I am not a fan of the mortgage mods and abatements or principle write-downs, but this is an interesting viewpoint:


Sept. 14 (Bloomberg) — Philip Angelides, chairman of the Financial Crisis Inquiry Commission, talks about the outlook for solving the housing crisis in the U.S. He also discusses mortgage modifications for underwater homeowners and credit availability for home buyers. Angelides speaks with Lisa Murphy on Bloomberg Television’s “Fast Forward.”

Source: Bloomberg

Category: Bailouts, Credit, Real Estate, Video

Please use the comments to demonstrate your own ignorance, unfamiliarity with empirical data and lack of respect for scientific knowledge. Be sure to create straw men and argue against things I have neither said nor implied. If you could repeat previously discredited memes or steer the conversation into irrelevant, off topic discussions, it would be appreciated. Lastly, kindly forgo all civility in your discourse . . . you are, after all, anonymous.

11 Responses to “Philip Angelides, FCIC Chair: Mortgage Mods, Looser HomeBuyer Credit”

  1. Joe says:

    Given that he is right. Which I can, in theory… As a practical matter, How do you get past the majority of people who are either doing fine with their current mortgage or are not doing so bad that there isn’t hope for the future? Free money for the banks, and now free money (principle write downs) for underwater mortgage holders. As a philosophical and practical matter, what do you tell constituents?

    Do principle write downs delay clearing the market and the ultimate recovery or is it an alternative path to the same place?

  2. Syd says:

    I think Angelides is exactly right: the government should allow cramdowns, i.e., give bankruptcy court judges the power to force principle write-downs of residential mortgage debt. That mortgage debt is not dischargeable in bankruptcy court exemplifies how banks use their political power to get laws that favor themselves and their investors.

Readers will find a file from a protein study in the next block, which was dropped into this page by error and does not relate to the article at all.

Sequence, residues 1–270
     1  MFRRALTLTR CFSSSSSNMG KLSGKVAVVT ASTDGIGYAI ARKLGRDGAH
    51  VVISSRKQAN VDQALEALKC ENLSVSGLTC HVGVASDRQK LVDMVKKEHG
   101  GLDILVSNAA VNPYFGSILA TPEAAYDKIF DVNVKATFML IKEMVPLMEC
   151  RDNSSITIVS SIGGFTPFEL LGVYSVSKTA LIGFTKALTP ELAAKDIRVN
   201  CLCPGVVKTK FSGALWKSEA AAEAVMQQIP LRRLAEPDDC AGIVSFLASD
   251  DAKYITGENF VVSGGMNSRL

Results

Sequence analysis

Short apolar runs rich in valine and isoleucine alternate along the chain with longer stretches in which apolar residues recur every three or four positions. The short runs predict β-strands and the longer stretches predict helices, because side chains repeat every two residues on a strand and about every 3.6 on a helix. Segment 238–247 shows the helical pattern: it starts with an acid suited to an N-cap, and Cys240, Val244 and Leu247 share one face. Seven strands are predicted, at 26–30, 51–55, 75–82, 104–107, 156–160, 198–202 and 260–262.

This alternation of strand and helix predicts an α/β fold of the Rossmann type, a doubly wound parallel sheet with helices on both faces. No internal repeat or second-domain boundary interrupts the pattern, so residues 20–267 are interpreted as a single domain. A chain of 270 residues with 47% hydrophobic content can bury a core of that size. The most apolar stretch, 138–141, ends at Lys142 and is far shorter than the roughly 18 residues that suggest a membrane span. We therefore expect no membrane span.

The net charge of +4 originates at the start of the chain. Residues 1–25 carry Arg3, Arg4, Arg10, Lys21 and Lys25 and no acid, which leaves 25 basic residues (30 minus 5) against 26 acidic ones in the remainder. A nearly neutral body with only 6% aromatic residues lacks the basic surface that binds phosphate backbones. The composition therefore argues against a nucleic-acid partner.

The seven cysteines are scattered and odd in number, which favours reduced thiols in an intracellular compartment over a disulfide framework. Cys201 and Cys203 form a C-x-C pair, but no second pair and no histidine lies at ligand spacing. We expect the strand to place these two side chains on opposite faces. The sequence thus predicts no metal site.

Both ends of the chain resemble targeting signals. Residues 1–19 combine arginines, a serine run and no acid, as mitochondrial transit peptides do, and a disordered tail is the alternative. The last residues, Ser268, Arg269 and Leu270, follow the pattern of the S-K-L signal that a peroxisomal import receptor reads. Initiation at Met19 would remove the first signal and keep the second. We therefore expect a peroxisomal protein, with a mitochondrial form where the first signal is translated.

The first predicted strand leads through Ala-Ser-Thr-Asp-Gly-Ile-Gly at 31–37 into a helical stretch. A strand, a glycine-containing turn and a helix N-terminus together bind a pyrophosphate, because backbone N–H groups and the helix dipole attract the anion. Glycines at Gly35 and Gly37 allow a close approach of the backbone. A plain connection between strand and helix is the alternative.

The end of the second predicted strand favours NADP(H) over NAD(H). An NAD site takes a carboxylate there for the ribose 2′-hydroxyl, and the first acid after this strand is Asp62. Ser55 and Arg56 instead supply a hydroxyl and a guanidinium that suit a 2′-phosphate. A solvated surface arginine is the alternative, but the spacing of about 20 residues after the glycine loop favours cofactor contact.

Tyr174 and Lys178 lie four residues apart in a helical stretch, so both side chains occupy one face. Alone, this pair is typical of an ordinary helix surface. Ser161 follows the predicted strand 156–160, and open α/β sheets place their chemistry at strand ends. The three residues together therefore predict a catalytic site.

Bankruptcy court judges would be able to evaluate each borrower’s situation one by one, and rule for or against write-downs on a case-by-case basis, to help minimize moral hazard. The most harmful status quo moral hazard is that the people who run the big banks (the upper management and BOD) get to make boat loads of bad loans with little risk to themselves – and in fact they make vast fortunes doing it. Along with them, the people who invest in these banks, the shareholders and bondholders, also get shielded from the huge real losses that their bad investments earned. It’s a corrupt, perverse, twisted sham of capitalism.

    I also think that some type of conversion of mortgages to leases has merit, along with John Hussman’s idea of principle write-downs in conjunction with Property Appreciation Rights, coordinated by the US Treasury (http://www.hussmanfunds.com/wmc/wmc110606.htm).

  3. overanout says:

    The dollar number is in the trillions! MBS holders and banks would be wiped out, maybe not a bad idea but California homeowners alone might cause a banking meltdown.

  4. duaneteddy says:

    Although I haven’t been a fan of Angelides in the past, in this case I agree with him completely. We need principle write-downs to get this economy moving. The banks are only entitled to the value of their collateral, the house. They can be given the Property Appreciation Rights that Hussman described,in the link above to compensate them for the principal write-down. I would allow it also to be done outside of bankruptcy to get more participants.
    The only reason cramdowns aren’t in the residental bankruptcies is because of lobbying by banks. Maybe the way to start this process is to get banks to mark their mortgage loans to market, instead of the fantasy values they use now.

  5. sangfroid says:

    Here we go again, more off-the-hook bail-out for the irresponsible and the greedy; first for the large banks and now for the deadbeat home owners. Whatever happened to letting the banks, home owners, regulators, and society learn a lesson about responsibility and prudent decision making?

  6. ilsm says: